By the age of 16, Karen’s passion for immigrant rights – in particular, reform enabling immigrant access to higher education in Virginia – developed as she became a proactive advocate. Despite the many challenging barriers that first-generation, undocumented students must overcome, Karen earned an International Baccalaureate Diploma from Washington-Lee High School, and graduated as a class Valedictorian. During this time, Karen also engaged with the Dream Project, driving her to help initiate the strong support and mentoring network that the Dream Project now provides to other immigrant high school students.
Karen was dismayed to witness the 2010 collapse of the DREAM Act, which offered qualifying children of undocumented immigrants a potential path to legalization and permanent residency. She feared she would have to contend with, as so many undocumented students do, overwhelming obstacles to pursuing higher education. However, because of her exceptional accomplishments, Karen received a partial tuition scholarship to Southwestern Adventist University, and graduated in three years with a double major of International Business and History. During her undergraduate years she interned for Virginia Senator Tim Kaine, and gained exposure to litigation with the Advancement Project and The Lawyers Committee for Civil Rights. After graduation, she became the Project Administrator at NovaSalud, Inc., a community health nonprofit.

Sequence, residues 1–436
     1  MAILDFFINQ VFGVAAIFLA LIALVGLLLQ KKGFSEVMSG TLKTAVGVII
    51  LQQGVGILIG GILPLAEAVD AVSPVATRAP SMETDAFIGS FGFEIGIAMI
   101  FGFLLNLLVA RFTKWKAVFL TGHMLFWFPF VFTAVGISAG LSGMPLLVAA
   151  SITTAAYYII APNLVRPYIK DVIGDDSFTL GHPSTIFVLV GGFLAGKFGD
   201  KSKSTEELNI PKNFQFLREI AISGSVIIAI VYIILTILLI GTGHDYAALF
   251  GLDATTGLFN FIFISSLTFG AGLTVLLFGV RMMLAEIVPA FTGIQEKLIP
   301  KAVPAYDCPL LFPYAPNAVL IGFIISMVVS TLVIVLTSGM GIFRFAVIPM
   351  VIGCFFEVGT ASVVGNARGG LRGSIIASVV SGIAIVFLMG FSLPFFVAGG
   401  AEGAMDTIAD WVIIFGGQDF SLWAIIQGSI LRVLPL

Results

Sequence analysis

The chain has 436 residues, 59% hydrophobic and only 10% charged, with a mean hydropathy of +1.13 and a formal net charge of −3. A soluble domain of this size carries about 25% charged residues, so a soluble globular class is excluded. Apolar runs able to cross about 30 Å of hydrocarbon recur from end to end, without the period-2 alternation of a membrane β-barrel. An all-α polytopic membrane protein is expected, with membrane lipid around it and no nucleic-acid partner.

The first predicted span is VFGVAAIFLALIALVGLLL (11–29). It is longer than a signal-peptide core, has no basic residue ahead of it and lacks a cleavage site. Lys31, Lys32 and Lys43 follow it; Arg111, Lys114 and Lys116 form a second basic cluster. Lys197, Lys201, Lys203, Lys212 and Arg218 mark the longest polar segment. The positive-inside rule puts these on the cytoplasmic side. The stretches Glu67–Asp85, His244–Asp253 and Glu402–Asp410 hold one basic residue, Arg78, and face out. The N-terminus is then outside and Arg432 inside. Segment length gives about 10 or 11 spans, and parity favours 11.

Currently, Karen is a second-year law student at Washington and Lee University School of Law. Her first summer she interned as a law clerk for the Office of Attorney General of Virginia and will spend her next summer working as a law clerk for a California law firm. Karen continues to find ways to integrate her passion for immigrant rights with her legal studies and recently traveled with a team of volunteers to Tijuana, Mexico in order to provide legal aid to the ongoing migrant and refugee crisis at the border. Her diverse experiences and the challenges she has overcome makes her a leader among lawyers, community advocates, and policymakers in the field of immigrant rights.